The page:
Taiwan Parliament Debates ECFA
(Reuters) Taiwan MPs in physical brawl over China trade deal. Reporting by Ralph Jennings. July 8, 2010.
Taiwan legislators threw objects, splashed water and kicked one another on Thursday, sending two to the hospital in a brawl over how fast to ratify a trade pact with China that is shaping up as a pivotal election issue.
About a dozen anti-China opposition lawmakers set on blocking speedy approval of the economic cooperation framework agreement (ECFA) signed last week fought against about the same number of ruling Nationalists for control of the podium just minutes after the session opened.
A legislator from each side, one of whom fell from the podium, went to the hospital after the fight as the parliament speaker called a recess until Friday.
Parliament, dominated by the China-friendly Nationalists, is expected to approve the trade deal by next month at the latest. The Nationalists want to review the ECFA as a whole, while the opposition Democratic Progressive Party seeks a line-item review.
The brawl confirms the ECFA, the strongest tie-up ever between China and Taiwan, as a focus for tense November 27 local elections seen as a barometer for the island's 2012 presidential race. Brawls are often staged so lawmakers appear strong via local television on issues of broad public concern.
Opponents of the ECFA say the deal cutting import tariffs on about 800 items could hurt small business with floods of Chinese goods. China claims sovereignty over the self-ruled island.
(eTaiwanNews) Taiwan legislature clashes mark start of ECFA review July 8, 2010.
Lawmakers began their review of the Economic Cooperation Framework Agreement with China amid clashes yesterday after failing to reach a consensus on the process.
The opposition Democratic Progressive Party insisted on article-by-article reviews and votes, while the ruling Kuomintang only wanted one vote on the whole package at the end of the screening process. Days of negotiation failed to end in an agreement.
During an informal discussion in the morning, the KMT used its majority at the Legislature to push through its timetable, while DPP proposals to first establish regulations about agreements with China as well as a special review committee were rejected.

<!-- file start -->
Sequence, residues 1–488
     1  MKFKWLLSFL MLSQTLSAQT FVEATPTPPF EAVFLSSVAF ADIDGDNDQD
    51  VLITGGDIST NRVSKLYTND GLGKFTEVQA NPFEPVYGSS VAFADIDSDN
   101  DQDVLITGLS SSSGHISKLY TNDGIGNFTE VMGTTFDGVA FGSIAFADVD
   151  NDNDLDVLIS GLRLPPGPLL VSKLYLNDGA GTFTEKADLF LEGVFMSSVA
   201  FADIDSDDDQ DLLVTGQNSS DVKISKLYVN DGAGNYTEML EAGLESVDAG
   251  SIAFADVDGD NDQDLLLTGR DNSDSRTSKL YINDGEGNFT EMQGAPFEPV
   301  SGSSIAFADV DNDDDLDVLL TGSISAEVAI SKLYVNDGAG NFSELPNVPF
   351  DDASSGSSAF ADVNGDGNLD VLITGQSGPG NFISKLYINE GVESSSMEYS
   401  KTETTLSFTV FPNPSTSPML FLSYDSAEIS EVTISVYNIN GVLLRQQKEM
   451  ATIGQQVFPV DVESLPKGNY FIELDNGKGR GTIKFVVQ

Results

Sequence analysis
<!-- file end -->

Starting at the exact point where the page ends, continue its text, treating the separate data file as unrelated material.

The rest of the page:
As a result, the special session is scheduled to last from yesterday afternoon until next Wednesday. As soon as lawmakers gathered to start the review, Legislative Speaker Wang Jin-pyng announced ECFA was moving on to a second reading. Scuffles immediately broke out between the KMT lawmakers crowding around Wang and the DPP legislators below trying to climb up to voice their protest against his announcement.
For about six minutes, lawmakers threw papers, water and even a trash can at each other. Cable television showed footage of KMT legislator Wu Yu-sheng pressing a handkerchief against the right side of his head after he was hit by a projectile, reportedly a clock. An ambulance drove him to nearby National Taiwan University Hospital where he received eight stitches, reports said.
Legislator Wu Yu-sheng, right, gets hit by a timing machine during a fight at the Legislative Yuan on July 8, 2010.
DPP lawmaker Kuo Wen-chen climbed on to the main dais and was pushed off. He went away for medical treatment after feeling pain, but no fractures were found. He told reporters he would seek to be transferred to a hospital in Kaohsiung. Wang and Premier Wu Den-yih later visited the two lawmakers in hospital.
Wang later announced the end of the activities for the day and a resumption of the session this morning. The DPP said yesterday's proceedings had shown grave mistakes, so it would boycott the rest of the special session unless Wang made corrections.
"So many people were standing there, shouting and raising their hands, that saying you did not see them is fake," DPP legislator Chai Trong-rong told reporters.
The original plan for the session also included a briefing by Premier Wu Den-yih followed by a question-and-answer session, but KMT lawmakers threw doubt on the possibility yesterday by saying it made no sense for him to appear if there was conflict between the parties.
The DPP caucus said it was the duty of its members to point out the negative consequences of ECFA. Maybe it was not necessary to reject every element of the agreement, but therefore the relevant legislative committees should have the opportunity of reviewing its clause, the party said.
DPP caucus whip Lee Chun-yee said the ruling party did not want to submit each ECFA clause to a vote because later on there would be more cross-straits agreements, maybe even about political issues.
The KMT wanted the future cross-straits economic cooperation committee, which will be established according to ECFA, to handle even more, Lee said.
DPP Chairwoman Tsai Ing-wen said President Ma Ying-jeou was interfering with the rights of the legislative branch and harming the constitutional and democratic order. Ma had failed to give the public, the opposition and even the lawmakers of his own KMT a fair chance to screen ECFA, she said.
The KMT also listed other legislative proposals for discussion during the special session, including a disaster prevention act and measures related to national health insurance reform, civil service retirement pensions and farming villages.
(Central News Agency)
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